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Sports sociology from a feminist point of view

References Since the 1970s, gender has become an important category of analysis in the sociology of sport. Research has clearly demonstrated that sports are gendered activities as well as social contexts in which boys sports sociology from a feminist point of view men are more actively and enthusiastically encouraged to participate, compared with girls and women. Evidence also shows that more males than females participate in organized competitive sports, and that male dominance characterizes the administration and coaching of sports.

Sports, it is theorized, operate as a site for the inculcation, perpetuation, and celebration of a type of heterosexual masculine identity based on physical dominance, aggression, and competitiveness.

Associated with such masculine imagery, sports serve to legitimize a perceived natural superiority of men and reinforce the inferiority of females who are defined with reference to relative weakness, passivity, and grace — the characteristics of femininity. Starting in the 1970s, a consequence of the feminist movement was to raise public awareness about the need for increased opportunities for girls and women in sports.

Since then there has been growing political and public recognition of the importance of health and fitness. Furthermore, emerging knowledge about the health benefits of physical activity provided a foundation for the promotion of physical activity for girls and women. Opportunities for girls and women in sports have improved and participation rates among females have increased.

Scholars studying gender and sports indicate that these developments have resulted in ongoing challenges to gender stereotyping, resistance and negotiation of established gender ideology, and the initiation of important legal and political change regarding sex discrimination in sports and society. Such legislation has been used to prevent and remove many barriers to female participation in sports. There is now over 35 years of scholarship that theorizes gender and sport.

Historical Developments and the Gendering of Sport

One of the most sustained attempts at conceptualizing and theorizing about gender in the sociology of sport is found in feminist scholarship. Between 1970 and 1980 psychological models were mainly used to explain female attitudes and motivations in sports.

In the 1980s, emerging theoretical diversity and sophistication in feminist approaches led to the development of a clear sociology of women in sport. As political and theoretical feminisms have changed, so too has the focus of feminist research. Depending on the theoretical and methodological position of the researcher, different questions about and accounts of gender and sport prevail.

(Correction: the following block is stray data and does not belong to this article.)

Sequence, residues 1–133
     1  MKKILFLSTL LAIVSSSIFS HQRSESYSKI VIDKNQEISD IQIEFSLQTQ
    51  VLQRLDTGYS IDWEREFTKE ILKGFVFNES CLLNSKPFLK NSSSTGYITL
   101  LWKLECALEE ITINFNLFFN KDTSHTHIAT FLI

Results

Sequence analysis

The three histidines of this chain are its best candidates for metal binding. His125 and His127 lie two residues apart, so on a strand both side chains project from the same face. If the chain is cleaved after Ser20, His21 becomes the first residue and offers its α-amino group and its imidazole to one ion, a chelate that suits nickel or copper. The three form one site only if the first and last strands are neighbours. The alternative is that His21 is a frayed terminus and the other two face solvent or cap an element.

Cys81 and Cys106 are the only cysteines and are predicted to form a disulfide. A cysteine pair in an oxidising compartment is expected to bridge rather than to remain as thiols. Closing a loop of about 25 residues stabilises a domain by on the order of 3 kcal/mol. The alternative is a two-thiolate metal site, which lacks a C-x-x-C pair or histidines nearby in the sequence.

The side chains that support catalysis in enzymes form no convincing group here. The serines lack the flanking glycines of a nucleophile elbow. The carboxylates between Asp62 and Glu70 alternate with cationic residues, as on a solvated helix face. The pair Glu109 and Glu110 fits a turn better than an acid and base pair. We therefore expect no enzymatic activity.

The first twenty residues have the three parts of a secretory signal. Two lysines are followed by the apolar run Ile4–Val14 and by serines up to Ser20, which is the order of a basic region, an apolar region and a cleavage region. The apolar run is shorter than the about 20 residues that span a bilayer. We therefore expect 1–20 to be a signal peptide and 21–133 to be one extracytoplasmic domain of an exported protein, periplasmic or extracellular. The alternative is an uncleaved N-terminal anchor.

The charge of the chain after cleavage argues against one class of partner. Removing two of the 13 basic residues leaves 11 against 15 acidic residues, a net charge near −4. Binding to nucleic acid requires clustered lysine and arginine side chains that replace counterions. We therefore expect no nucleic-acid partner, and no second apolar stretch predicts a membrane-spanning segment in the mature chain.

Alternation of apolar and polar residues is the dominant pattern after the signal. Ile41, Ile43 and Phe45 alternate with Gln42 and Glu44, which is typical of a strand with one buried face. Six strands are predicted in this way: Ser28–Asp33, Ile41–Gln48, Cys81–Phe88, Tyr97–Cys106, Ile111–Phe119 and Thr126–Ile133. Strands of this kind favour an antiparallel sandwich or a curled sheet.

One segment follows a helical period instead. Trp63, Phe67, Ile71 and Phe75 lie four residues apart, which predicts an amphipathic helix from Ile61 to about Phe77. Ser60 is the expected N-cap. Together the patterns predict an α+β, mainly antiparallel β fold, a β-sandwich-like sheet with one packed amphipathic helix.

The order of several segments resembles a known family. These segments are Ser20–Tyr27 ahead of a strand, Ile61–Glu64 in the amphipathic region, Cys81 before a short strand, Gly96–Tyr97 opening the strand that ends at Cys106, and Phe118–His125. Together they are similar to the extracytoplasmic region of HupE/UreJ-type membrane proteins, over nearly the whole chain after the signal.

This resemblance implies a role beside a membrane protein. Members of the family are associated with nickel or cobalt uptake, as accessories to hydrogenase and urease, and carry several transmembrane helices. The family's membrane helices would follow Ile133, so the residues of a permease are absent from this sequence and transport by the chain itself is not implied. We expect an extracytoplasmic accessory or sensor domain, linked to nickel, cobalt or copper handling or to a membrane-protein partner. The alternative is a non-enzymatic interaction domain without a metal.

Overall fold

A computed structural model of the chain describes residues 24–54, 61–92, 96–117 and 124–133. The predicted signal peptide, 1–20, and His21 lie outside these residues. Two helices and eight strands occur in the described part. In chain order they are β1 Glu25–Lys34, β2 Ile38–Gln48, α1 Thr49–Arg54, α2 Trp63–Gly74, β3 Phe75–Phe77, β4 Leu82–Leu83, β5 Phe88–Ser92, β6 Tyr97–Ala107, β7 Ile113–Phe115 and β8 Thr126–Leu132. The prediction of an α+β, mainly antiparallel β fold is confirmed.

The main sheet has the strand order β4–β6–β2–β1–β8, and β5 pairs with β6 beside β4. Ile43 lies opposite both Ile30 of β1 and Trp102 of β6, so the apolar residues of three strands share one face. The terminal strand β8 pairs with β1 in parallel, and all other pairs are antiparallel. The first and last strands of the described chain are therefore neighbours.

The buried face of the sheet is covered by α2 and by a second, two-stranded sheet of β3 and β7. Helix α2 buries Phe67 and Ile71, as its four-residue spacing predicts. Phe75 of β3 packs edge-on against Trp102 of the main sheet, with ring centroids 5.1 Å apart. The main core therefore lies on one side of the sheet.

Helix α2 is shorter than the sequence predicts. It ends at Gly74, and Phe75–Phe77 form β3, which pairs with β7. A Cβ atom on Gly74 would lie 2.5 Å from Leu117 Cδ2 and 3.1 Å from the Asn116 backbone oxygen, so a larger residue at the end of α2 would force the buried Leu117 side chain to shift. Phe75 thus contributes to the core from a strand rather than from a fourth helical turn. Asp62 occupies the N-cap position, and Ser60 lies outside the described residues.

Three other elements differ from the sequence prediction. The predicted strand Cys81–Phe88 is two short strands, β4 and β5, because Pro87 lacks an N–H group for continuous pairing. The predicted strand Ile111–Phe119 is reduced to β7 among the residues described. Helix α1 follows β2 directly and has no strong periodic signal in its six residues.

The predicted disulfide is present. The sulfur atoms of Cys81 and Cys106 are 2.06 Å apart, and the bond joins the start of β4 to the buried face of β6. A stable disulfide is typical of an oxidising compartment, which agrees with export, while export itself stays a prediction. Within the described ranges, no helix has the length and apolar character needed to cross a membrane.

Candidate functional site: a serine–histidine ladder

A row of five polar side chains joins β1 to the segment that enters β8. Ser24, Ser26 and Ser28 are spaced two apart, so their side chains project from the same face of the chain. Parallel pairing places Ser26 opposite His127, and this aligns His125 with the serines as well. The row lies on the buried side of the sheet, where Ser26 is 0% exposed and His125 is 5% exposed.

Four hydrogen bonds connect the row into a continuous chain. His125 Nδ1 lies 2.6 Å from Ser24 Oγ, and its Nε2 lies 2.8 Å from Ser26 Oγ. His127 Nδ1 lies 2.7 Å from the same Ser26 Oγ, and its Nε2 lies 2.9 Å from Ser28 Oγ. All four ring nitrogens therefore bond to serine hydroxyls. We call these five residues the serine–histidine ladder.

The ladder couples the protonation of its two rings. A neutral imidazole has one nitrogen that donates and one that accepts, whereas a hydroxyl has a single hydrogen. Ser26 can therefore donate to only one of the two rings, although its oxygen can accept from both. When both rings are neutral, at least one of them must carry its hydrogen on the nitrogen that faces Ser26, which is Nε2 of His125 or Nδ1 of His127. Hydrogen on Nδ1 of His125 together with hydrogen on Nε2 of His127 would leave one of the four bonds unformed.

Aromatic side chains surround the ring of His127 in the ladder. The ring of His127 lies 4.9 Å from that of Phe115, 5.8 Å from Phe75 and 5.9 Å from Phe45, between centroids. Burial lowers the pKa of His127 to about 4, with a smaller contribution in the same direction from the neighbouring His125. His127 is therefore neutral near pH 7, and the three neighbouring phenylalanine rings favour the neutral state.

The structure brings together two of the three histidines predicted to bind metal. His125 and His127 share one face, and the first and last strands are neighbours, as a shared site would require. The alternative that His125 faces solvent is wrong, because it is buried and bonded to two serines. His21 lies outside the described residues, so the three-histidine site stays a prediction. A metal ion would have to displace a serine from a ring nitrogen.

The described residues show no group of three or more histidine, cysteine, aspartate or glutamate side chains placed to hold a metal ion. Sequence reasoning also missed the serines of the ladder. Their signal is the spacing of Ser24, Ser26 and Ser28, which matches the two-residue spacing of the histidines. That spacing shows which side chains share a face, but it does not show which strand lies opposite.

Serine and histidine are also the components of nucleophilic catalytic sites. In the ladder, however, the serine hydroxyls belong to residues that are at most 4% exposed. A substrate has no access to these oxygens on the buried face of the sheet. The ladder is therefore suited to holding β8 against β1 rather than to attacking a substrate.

Debates surrounding the gendered character of sporting practices have changed with increasing awareness of feminist theories and a more sophisticated use of these theories. For example, much of the initial work on gender and sport highlighted inequities but did not explicitly deal with how the prevailing organization of sports privileged the physical experiences of boys and men.

Such research, it was argued, did not deal with the underlying structural and cultural sources of gender inequality. More recent scholarship has attempted to resolve the shortcomings of early research and theory by considering difference and diversity between and within groups of women, and by theoretical and methodological approaches that consider women as active agents in the construction and reconstruction of their sporting experiences.

There is no single feminist movement or theory that has informed current scholarly work on gender and sport. Liberal feminist accounts of sport are based on claims that women should have equal rights to those of men in terms of access to resources, opportunities to participate, and decision making positions. Radical feminists are critical of the patriarchal power relations that operate to maintain the dominance of heterosexuality and construct homophobic attitudes and practices in sport.

Socialist feminists have examined the connections between gender, social class, and race and ethnicity under conditions of patriarchy, capitalism, and neocolonialism. Significant theoretical influences in understanding gender and sport have also emerged in cultural studies and in work guided by sports sociology from a feminist point of view writings of Norbert Elias, Pierre Bourdieu, and poststructuralist theorists.

Contemporary work in the field reflects the move toward critical analyses of the complex relationships between and within groups of women and men in sport. Current scholarship examines the ways in which gender relations are produced, reproduced, challenged, and transformed in and through sporting practices. Three key themes have driven debates about gender and sport since the 1970s. First, leading scholars in the sociology of sport have highlighted that throughout history, sporting practices inculcated behaviors and values defined as male, manly, and masculine.

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Second, issues surrounding the body, physicality, and sexuality have been brought to the fore in understanding gender relations in sport. Third, it is emphasized that both women and men reinforce and challenge dominant gender ideology in sport in various ways.

Recent research includes work that examines the production and reproduction of gender in sport in terms of the sporting experiences of women and men from various sociocultural backgrounds. Back to Top Historical Developments and the Gendering of Sport Sociologists of sport have illustrated that the historical development of modern sports laid the foundations for the gendered character of sporting practices.